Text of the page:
A surprise awaits you beyond the cluttered interior of the convenience store found at 6 Clearway Street, in the Back Bay area of the city. Behind a door at the back that’s disguised as a defunct Snapple vending machine is Bodega, a smart streetwear and shoe store founded in 2006. Browse the tidily stocked shelves to choose from a range of top-brand clothing and accessories, from jackets and beanies to watches and jewelry. The staff members are helpful and politely request that you don’t take photos when inside.

Stop for an espresso at Caffé Vittoria

Cocktail Bar, Coffee Shop, Italian, Coffee
Cosy Caffé Vittoria was Boston’s first Italian café when it opened in the North End in 1929. It’s still serving some of the best cappuccinos, lattes, espressos and macchiatos in the city, as well as homemade cannoli, tiramisu and several specialty cocktails (the North End Express is a must-try). Aficionados will also appreciate the vintage espresso machines on display and the coffee-related paraphernalia lining the walls. As is fitting for a café that displays its old-school credentials with such pride, payment is cash only.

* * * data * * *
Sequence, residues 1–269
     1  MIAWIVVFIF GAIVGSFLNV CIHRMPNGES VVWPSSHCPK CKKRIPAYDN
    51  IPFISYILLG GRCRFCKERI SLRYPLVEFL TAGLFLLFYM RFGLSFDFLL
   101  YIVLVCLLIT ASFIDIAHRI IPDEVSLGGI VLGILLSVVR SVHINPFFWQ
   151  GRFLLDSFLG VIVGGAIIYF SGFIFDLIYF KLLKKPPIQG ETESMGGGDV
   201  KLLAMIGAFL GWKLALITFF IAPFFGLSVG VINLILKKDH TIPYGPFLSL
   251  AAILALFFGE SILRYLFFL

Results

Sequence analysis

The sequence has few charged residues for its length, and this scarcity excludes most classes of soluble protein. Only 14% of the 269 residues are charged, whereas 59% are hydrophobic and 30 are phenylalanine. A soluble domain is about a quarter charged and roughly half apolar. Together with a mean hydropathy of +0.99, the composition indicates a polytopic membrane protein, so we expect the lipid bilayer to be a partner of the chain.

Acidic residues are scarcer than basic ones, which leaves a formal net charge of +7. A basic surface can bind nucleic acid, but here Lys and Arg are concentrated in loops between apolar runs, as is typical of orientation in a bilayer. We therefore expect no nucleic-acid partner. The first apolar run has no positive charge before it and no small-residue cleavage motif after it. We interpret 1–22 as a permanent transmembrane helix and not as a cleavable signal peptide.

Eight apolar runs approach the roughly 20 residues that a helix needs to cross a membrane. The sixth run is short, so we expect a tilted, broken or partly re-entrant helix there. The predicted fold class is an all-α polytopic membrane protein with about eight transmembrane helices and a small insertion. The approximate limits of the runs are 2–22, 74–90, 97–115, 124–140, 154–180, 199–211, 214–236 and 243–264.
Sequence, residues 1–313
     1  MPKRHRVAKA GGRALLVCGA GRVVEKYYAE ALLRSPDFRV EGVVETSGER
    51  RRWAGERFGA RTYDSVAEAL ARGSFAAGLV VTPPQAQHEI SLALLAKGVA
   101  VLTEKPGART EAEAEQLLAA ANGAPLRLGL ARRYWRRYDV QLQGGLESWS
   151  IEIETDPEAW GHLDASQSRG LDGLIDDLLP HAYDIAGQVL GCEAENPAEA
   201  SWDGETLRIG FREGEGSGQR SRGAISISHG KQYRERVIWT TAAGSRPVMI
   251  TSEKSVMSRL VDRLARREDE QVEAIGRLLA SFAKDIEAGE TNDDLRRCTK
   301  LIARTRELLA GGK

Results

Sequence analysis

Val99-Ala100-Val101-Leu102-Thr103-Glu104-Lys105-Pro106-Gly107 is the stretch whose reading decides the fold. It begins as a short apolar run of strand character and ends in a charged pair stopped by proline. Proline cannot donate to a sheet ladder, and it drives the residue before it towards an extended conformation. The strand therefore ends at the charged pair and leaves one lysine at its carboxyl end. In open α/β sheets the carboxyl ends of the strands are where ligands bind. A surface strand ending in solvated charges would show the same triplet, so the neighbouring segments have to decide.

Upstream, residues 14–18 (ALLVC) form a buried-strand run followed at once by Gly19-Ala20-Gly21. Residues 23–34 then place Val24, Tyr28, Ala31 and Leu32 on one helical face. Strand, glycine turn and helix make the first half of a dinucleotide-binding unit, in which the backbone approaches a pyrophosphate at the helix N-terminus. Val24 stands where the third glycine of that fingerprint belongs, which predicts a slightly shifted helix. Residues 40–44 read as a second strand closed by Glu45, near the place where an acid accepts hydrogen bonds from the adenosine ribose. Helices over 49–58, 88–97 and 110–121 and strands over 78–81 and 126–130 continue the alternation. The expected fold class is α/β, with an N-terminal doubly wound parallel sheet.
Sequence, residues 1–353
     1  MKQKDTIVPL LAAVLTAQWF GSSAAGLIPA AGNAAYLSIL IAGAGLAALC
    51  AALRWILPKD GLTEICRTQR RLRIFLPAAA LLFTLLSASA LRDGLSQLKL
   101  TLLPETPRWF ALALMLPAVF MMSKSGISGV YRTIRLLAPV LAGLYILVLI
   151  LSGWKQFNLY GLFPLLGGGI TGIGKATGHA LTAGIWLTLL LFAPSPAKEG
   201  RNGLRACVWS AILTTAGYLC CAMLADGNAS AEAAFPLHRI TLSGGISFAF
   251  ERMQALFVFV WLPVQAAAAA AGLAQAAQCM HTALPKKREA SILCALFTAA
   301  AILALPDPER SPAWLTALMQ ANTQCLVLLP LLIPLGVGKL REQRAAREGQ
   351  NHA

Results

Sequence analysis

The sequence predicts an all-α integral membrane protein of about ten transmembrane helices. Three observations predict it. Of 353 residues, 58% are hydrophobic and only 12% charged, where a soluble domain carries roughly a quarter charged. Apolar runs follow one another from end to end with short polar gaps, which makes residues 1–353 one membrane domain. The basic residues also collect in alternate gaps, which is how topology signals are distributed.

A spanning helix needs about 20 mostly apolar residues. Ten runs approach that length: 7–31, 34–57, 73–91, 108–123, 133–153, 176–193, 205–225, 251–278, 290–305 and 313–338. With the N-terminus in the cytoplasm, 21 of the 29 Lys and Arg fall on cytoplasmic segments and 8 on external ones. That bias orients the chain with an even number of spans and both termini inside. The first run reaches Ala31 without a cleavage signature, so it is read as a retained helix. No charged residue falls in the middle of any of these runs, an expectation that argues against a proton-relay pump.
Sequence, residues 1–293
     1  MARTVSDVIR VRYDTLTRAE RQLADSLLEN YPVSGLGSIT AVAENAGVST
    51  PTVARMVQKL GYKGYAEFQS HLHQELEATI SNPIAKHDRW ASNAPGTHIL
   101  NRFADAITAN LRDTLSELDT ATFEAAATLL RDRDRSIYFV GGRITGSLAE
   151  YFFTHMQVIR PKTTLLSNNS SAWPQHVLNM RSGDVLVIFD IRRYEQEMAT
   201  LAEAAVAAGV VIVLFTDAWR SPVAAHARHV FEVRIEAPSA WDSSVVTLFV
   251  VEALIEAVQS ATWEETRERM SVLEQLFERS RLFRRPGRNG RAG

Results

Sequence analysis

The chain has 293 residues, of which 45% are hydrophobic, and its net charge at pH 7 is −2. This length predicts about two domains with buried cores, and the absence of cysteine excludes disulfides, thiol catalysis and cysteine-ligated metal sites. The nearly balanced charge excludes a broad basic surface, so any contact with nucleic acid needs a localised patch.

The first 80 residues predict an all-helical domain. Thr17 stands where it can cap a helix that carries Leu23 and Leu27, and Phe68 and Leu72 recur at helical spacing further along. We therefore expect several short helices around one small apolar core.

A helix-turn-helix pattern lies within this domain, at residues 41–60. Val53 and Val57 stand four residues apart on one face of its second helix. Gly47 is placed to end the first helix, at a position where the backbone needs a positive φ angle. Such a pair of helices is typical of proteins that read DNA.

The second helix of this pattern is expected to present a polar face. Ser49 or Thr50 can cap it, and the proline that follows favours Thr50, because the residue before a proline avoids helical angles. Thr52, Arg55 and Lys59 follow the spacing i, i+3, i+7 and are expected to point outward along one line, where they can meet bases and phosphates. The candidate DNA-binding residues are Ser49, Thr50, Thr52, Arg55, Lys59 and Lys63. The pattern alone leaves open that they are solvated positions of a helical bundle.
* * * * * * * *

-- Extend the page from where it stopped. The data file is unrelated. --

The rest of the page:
Wander the historic cemeteries

Gravestones in King's Chapel Burying Ground, Tremont Street, Boston, MA
© Norman Eggert / Alamy Stock Photo
Boston is home to sixteen historic cemeteries, the oldest of which is attached to the King’s Chapel and dates from 1630. One of its most famous residents is Bostonian shopkeeper Joseph Tapping (1655-1678), whose gravestone reminds visitors of their mortality with engravings of a winged skull and draining hourglass. Copp’s Hill (1659) and Granary (1660) are the city’s other two oldest burying grounds and contain many strikingly adorned tombstones. During fall, visit the arboretum at Forest Hills, one of the most beautiful garden cemeteries in the U.S.

Visit the Ether Dome